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Building a Safer and More Productive Mining Workforce: The Power of Quality Safety Training Systems for Mines and Mining Contractors

Safety Training for a miner on how to operate a piece of equipment, or on the correct procedure for completing a task, not only leads to a safer operation, but to a more productive one as well. This is because safety and production go hand in hand. If you have employees who are taking shortcuts when it comes to safety and training, they are almost certainly doing the same with their job.  One of the biggest areas where shortcuts are taken is when it comes to training. With many companies today having high turnover rates and struggling to retain quality employees, quality training is a must. There are two major headwinds when it comes to training. The first being the reluctance of a trainer to put their name down and sign someone off on a government training document, like a MSHA 5000-23. The second is ensuring that when the training is being conducted, it is consistent across the company and is in line with the company’s policies and procedures.  If you want to have quality training, you need to build a quality training system.

A Safety Training System for mines should contain Training Plans

A training system should be comprised of documents (called training plans) that lay out exactly what a trainee must know, combined with hands-on training supervised by an experienced employee.  The first step in this process is to build the training plans which are a map of how the training should be done. To do this, a decision must be made on what training subjects will be covered for each piece of equipment or task.  For example, if a training plan is being built for a mobile piece of equipment, it should cover everything associated with operating it. From inspecting the equipment before use, to driving it, to how to lock it out during maintenance. Establishing the subjects that are required for each training plan also means that the training can be standardized and consistent. This way everyone receives the same information regardless of who does the training, and more importantly who trained the trainer.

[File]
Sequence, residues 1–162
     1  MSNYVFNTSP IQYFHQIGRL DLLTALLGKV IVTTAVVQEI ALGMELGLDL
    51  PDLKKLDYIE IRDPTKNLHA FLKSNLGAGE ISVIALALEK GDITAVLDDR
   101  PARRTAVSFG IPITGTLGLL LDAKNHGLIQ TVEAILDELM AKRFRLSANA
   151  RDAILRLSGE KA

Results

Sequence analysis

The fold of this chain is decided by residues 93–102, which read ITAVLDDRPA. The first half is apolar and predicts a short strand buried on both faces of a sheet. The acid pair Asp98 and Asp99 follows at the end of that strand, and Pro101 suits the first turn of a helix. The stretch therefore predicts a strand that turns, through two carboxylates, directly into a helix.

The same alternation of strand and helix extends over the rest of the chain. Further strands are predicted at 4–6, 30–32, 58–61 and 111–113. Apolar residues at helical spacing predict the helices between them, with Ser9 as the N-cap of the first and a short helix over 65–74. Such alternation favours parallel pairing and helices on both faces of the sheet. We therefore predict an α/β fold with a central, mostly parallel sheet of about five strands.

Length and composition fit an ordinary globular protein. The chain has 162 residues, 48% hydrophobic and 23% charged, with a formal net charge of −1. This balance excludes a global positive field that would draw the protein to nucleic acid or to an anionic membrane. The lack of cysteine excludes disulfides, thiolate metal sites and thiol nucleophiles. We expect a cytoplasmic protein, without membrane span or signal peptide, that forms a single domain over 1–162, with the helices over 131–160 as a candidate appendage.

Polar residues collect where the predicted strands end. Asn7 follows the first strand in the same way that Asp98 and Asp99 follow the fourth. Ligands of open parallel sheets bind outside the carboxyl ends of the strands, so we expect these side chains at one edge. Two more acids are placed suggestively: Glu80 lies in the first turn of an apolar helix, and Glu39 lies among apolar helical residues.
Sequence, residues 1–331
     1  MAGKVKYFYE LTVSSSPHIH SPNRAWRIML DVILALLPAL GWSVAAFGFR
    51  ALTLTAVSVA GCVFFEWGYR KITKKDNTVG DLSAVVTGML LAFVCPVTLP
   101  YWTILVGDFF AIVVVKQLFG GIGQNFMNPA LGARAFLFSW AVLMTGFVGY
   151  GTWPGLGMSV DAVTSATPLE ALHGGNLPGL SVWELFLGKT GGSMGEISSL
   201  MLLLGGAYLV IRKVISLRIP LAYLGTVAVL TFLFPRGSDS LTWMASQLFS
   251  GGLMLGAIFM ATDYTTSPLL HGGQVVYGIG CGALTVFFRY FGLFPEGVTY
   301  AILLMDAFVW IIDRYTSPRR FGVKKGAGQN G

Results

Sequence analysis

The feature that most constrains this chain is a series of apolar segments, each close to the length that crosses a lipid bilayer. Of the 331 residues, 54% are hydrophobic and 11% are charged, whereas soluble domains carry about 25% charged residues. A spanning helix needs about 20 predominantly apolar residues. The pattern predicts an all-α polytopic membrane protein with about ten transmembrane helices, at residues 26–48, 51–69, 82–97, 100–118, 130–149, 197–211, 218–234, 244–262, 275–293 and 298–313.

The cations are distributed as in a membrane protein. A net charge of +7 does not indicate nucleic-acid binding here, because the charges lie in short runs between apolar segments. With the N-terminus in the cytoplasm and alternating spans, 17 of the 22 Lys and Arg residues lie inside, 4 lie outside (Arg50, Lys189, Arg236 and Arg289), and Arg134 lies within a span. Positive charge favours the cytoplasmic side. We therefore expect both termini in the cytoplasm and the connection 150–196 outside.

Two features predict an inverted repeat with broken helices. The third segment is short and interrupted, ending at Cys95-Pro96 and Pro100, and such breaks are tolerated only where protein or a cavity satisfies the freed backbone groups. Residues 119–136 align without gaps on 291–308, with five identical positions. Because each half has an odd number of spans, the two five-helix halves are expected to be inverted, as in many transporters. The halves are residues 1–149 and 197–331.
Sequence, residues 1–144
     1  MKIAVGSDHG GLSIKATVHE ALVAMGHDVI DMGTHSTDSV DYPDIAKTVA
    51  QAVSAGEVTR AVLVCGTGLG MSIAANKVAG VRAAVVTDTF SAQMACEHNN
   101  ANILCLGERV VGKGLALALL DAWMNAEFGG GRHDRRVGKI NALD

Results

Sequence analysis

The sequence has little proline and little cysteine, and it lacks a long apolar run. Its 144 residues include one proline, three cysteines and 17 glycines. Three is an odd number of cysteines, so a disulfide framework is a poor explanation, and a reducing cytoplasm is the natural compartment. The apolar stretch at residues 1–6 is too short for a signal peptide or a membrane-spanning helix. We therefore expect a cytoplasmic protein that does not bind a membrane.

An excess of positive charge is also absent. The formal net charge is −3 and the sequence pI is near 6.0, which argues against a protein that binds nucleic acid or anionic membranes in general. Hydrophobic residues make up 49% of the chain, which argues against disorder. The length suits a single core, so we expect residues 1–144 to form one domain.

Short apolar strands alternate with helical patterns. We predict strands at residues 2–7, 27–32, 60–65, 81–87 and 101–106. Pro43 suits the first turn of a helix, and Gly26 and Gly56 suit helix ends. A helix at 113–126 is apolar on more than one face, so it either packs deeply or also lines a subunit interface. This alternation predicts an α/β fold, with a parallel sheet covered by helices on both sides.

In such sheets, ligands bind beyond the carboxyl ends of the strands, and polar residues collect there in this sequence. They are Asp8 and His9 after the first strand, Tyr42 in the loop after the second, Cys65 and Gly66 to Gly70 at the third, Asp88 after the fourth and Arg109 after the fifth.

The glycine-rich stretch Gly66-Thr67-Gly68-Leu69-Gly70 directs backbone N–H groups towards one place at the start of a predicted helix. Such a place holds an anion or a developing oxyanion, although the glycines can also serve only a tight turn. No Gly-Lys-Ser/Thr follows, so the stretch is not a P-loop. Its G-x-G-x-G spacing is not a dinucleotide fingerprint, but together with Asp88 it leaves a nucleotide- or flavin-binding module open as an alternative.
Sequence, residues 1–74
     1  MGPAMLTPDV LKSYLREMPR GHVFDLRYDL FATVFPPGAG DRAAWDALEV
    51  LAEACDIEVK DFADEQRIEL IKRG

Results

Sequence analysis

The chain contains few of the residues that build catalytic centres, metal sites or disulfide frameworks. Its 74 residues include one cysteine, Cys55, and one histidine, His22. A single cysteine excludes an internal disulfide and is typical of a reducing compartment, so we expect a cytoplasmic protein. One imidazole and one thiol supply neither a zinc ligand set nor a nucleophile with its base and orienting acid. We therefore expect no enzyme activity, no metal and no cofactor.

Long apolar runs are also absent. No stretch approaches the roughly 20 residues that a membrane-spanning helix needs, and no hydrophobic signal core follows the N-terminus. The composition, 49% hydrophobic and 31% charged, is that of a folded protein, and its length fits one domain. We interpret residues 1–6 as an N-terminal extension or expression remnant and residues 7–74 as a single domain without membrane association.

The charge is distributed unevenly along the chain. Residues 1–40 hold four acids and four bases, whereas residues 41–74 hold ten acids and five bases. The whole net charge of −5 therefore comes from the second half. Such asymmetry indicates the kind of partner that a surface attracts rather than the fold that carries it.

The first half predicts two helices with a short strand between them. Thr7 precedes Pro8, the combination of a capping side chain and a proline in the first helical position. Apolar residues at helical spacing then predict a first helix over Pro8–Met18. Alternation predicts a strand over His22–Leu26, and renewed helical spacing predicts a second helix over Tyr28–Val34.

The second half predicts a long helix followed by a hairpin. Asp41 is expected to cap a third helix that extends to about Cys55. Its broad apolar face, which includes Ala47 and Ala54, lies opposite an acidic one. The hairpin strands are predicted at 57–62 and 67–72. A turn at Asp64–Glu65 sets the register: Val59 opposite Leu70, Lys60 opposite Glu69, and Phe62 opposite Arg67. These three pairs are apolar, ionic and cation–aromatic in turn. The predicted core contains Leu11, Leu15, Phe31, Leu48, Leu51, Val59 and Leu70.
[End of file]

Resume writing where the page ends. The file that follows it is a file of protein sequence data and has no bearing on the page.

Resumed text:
A Safety Training System for Mines should have Written Procedures

Once the subjects are decided upon, each one needs to have a written procedure (SOP, JSA, SWP, etc.) that lays out exactly how the company expects that task to be done. And just like anytime something is being built, the most important step is to build a solid foundation. In this case, the foundation is made up of good detailed written procedures.  It is critical to have written procedures with as much useful information as possible. They also need to lay out the way the company expects that equipment to be operated or that task to be completed. So, for example, when building a training plan for a water truck there should be a written procedure for inspecting the water truck that explains what needs to be checked every shift and what puts the water truck out of service. There should be a procedure for driving the water truck, explaining everything from shifting gears to when to lock in axles and/or differentials. All these written procedures need to have an initial review by the safety team, operations, and mechanical support services and going forward they need periodical reviews to ensure that they contain the correct and most up to date information.

A Safety Training System for Mines should have Quizzes

It is also very helpful to embed quizzes in the training plans to ensure that the person being signed off understands the important information and/or policies. “Pencil whipping” training can still happen even in a system with multiple sign offs. Having a simple multiple choice quiz asking questions about important knowledge that must be known (for example, in the case of a water truck how much slack is allowed in a slack adjustor or how much air pressure can be lost in a minute) helps ensure that the person being trained really knows the procedures.